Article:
Technical advantages dominate communication with the customer.
Advertising brochures, catalogues, online promotions, spots and similar etc. seduce us into buying electronic appliances all the time that later prove to be needless energy guzzlers. So who is responsible for this: the customer or the marketing departments at the companies selling the products?
An IT distributor sends us their brochure several times a year promoting video and graphic output devices. The brochure has improved a lot in many ways, but one thing is still missing: the information on the electricity consumption for the monitors.
An IT reseller leafs through a 15 page brochure containing larges-scale pictures of monitors and the technical data on them without coming across any information on energy consumption. However, the specifications of monitors are very easy to compare during normal work in the office or over the Internet. The customer would be able to choose the monitor equipped with advanced, energy-efficient technology if in the position to make a comparison.
Buying energy-efficient IT systems is made difficult for the customer.
Thousands of resellers purchase their stock from globally active distributors. In turn, many hundreds of thousands of customers and companies buy from these resellers. However, the overall information on a monitor’s electricity consumption (off, standby, idling, in operation) remains useless if unavailable to the reseller and hence to the consumer.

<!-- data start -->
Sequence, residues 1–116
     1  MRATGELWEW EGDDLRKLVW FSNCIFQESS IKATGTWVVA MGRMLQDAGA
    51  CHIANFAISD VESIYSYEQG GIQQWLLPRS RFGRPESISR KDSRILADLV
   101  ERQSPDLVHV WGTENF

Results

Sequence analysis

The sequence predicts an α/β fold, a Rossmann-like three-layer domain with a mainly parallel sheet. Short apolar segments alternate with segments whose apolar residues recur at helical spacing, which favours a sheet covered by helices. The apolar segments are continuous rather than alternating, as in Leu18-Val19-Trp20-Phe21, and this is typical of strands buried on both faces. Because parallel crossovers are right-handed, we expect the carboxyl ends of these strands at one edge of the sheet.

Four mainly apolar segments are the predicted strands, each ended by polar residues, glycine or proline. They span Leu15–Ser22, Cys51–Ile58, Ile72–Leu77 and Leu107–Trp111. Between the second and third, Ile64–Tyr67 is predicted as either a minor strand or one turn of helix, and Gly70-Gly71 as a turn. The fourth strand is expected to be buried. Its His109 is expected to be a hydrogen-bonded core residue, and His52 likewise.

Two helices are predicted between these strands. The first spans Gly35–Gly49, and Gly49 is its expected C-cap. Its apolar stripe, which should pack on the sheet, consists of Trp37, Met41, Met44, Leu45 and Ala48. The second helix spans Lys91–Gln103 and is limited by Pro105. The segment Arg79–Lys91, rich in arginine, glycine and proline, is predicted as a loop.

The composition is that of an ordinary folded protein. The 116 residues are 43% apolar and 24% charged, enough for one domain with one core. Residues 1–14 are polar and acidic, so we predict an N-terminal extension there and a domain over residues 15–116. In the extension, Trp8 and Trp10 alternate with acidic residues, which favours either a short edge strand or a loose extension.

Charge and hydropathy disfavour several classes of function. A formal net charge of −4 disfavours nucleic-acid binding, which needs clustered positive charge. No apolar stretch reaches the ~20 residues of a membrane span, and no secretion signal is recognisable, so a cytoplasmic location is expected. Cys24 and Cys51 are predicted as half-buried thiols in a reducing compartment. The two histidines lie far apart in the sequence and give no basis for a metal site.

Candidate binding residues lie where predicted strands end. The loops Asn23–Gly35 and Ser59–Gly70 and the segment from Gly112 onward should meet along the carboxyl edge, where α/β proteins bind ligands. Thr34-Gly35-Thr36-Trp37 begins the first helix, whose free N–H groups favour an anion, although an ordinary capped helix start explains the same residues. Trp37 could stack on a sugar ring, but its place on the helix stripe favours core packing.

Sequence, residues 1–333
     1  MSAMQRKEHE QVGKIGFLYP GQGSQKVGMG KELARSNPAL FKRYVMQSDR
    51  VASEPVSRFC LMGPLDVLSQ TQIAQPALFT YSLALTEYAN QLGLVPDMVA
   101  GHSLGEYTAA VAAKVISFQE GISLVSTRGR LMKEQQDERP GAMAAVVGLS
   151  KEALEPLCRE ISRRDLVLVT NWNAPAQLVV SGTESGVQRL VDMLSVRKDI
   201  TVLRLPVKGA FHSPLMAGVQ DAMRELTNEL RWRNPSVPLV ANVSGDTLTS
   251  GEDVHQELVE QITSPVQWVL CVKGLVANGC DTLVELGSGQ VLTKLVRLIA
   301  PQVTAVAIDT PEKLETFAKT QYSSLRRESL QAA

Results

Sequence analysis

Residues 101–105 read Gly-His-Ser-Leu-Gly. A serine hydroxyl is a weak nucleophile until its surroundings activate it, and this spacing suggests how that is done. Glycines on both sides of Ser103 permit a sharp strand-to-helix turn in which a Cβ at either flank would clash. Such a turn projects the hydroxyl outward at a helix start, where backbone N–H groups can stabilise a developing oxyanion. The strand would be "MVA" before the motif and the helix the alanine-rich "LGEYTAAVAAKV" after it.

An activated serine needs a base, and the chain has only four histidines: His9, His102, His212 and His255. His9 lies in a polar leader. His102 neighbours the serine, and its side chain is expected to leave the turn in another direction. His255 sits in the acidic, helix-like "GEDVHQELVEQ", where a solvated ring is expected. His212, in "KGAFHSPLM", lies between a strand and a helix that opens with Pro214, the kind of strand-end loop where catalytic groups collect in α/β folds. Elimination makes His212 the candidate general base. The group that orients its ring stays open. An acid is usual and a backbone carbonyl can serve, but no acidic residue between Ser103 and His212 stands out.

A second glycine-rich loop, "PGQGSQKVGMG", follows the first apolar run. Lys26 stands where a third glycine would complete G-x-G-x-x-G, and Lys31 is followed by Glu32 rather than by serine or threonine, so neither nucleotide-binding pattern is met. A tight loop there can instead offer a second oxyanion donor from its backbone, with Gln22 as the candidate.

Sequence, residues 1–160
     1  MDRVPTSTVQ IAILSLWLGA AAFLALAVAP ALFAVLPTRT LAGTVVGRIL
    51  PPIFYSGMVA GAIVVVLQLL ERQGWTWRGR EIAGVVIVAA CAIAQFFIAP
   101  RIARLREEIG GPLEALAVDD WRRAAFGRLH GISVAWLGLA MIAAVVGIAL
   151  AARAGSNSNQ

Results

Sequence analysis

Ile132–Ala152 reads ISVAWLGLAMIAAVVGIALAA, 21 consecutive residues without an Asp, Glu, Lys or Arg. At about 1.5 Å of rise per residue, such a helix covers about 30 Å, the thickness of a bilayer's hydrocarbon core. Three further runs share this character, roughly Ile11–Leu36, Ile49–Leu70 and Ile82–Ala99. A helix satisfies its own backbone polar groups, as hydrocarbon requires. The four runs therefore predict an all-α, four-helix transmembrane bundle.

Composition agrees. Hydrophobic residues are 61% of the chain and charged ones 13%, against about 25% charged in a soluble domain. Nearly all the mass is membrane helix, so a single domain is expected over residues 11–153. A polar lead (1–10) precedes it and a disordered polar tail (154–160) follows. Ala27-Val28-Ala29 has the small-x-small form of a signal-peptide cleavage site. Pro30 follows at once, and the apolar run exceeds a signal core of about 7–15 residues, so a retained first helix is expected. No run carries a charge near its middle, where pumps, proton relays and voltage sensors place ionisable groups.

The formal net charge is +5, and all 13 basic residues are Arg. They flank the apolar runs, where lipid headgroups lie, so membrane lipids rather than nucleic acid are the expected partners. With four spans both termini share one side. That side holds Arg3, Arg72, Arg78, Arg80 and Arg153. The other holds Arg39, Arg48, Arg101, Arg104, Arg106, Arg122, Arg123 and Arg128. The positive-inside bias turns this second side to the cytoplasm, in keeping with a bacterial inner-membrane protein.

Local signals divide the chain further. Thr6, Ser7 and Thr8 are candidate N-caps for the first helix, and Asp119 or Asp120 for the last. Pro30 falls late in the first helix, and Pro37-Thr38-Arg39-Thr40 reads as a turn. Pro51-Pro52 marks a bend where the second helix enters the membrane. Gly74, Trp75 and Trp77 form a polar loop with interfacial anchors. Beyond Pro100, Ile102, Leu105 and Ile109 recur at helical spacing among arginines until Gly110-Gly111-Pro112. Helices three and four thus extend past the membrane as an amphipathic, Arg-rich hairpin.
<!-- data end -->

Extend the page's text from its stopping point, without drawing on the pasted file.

Pan-European energy efficiency label for computers.
Examples like this show why environmental protection associations renew their demands for a pan-European energy efficiency label for IT systems each year at the CeBIT. Customers frequently have no chance of comparing monitors or computers when it comes to energy efficiency.
Marketing departments or the customer – who needs to make improvements here?
Is it the marketing departments that are still not prepared enough to inform the customer in detail about more environmentally-friendly, more energy-efficient products, or is information simply being left out because the customer isn’t asking for it?